Indigenous rangers throughout our project area are seeing extremes in weather patterns and are witnessing the impact of these conditions. Of particular interest to the project, is the potential role of carbon farming for remote desert communities and related issues of climate change and adaptation.
It is predicted that:
- average temperatures will continue to increase in all seasons
- more hot days and warm spells are projected
- fewer frosts are projected
- changes to summer rainfall are possible but unclear. Winter rainfall is projected to decrease in the southern deserts
- increased intensity of extreme rainfall events is projected
- mean sea levels will continue to rise, and height of extreme sea-level events will also increase
A failure to manage the impact of climate change on remote communities will undermine their sustainability and these important benefits.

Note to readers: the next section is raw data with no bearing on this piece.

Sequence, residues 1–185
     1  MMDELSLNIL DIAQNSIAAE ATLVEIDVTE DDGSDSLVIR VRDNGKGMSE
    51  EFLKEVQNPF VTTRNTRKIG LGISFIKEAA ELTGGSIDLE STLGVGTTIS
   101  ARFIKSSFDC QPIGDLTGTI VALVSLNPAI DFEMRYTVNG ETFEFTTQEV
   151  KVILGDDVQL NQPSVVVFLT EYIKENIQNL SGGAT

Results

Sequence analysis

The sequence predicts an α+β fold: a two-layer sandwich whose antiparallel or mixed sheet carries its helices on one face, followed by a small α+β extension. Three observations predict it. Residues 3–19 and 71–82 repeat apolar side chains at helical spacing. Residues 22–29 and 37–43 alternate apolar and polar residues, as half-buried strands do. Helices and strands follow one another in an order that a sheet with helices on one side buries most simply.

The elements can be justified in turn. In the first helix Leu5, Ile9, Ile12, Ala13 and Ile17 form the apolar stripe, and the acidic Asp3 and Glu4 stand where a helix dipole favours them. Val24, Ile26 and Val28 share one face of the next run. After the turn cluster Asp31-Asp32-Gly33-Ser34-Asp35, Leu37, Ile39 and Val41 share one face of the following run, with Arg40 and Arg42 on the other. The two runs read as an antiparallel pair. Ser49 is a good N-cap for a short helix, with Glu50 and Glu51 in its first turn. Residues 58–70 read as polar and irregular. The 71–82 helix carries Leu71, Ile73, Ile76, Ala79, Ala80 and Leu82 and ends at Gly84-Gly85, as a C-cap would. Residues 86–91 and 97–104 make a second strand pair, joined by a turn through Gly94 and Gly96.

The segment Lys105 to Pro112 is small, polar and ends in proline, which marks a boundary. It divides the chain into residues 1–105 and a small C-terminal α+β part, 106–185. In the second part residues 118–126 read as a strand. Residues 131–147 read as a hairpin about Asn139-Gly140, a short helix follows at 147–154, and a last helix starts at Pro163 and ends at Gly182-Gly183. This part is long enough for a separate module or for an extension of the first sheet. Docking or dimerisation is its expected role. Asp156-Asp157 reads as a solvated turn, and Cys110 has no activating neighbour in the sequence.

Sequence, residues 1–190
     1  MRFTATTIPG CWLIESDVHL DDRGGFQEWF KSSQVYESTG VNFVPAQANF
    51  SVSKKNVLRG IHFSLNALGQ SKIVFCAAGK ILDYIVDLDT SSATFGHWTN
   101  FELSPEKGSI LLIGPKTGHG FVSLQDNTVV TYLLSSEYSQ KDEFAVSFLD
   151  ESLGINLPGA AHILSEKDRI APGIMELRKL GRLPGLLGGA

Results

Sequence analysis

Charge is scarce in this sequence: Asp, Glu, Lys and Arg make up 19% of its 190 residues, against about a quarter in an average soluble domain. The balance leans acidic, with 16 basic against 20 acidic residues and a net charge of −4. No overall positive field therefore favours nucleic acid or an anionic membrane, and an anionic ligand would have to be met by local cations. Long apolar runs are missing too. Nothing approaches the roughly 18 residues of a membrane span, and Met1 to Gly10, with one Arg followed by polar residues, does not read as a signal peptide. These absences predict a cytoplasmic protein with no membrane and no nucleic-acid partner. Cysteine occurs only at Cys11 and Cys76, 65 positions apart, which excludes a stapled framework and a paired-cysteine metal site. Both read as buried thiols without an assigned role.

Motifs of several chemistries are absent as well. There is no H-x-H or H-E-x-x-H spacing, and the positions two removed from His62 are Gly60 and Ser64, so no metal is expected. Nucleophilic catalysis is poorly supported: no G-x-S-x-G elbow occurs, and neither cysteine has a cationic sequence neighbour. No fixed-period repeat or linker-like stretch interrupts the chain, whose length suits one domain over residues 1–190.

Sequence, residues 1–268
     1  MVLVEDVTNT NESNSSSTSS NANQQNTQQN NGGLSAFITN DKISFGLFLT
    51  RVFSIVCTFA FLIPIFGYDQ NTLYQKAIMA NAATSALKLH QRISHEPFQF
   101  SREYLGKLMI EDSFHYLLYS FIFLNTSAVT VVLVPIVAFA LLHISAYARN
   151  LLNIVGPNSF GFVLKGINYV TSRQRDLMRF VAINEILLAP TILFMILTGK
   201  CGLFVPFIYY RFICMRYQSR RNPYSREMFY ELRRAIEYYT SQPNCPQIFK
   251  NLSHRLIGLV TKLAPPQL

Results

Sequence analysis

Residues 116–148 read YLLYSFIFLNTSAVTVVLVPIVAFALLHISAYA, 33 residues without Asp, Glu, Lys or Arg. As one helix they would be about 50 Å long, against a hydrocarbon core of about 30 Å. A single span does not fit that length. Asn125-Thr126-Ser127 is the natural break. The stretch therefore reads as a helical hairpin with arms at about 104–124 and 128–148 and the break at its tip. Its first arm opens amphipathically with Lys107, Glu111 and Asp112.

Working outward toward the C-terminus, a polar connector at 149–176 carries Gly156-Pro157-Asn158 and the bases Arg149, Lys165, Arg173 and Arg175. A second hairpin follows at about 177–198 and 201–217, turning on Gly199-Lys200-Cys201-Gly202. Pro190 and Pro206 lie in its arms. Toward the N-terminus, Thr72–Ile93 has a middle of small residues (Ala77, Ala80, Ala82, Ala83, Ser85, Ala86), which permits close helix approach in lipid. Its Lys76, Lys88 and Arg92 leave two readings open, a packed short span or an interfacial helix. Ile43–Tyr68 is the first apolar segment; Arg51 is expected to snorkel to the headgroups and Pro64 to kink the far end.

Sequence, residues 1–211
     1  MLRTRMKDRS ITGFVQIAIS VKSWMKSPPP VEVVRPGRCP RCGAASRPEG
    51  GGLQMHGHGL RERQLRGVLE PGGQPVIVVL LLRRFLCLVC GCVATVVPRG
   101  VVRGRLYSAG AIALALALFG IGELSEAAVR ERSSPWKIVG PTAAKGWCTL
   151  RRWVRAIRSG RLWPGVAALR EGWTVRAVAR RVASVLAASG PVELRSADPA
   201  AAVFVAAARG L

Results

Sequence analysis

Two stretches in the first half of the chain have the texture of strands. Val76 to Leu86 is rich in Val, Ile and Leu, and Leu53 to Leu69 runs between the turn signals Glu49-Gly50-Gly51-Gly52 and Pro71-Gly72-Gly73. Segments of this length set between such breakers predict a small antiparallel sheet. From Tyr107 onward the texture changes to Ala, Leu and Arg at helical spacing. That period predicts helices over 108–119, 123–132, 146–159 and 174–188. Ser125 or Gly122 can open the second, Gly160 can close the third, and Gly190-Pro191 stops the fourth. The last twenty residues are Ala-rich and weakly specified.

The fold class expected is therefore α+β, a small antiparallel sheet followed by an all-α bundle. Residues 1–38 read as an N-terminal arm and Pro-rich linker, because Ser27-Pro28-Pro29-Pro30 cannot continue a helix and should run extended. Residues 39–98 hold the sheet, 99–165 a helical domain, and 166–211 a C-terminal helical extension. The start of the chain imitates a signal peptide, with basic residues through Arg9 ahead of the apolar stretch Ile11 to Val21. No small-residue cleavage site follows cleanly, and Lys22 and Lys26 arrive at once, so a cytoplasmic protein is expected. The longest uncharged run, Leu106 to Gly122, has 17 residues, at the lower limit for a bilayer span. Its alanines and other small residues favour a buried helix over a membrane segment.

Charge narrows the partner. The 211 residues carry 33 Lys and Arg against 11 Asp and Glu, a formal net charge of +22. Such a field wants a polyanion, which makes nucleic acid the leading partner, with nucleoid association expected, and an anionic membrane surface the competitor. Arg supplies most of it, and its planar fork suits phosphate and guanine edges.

Indigenous land management organisations and Indigenous rangers can, if resourced adequately, provide an important role in the keeping remote communities safe and healthy. These include:
- implementing carbon farming activities as seen in the north of the state with the savannah burning program
- natural disaster mitigation by implementing more right-way fire in surrounding country
- facilitating with government agencies community fire management plans which can then be implemented to reduce the risk to infrastructure and life
- providing assistance with emergency response to wildfire
- providing assistance with the development and distribution of a remote community education program.
The 10DP is working with our project partners to develop a range of information products incorporating local knowledge and science to create awareness of climate change and its impact on the deserts and how rangers can carry out work to adapt and mitigate the impacts.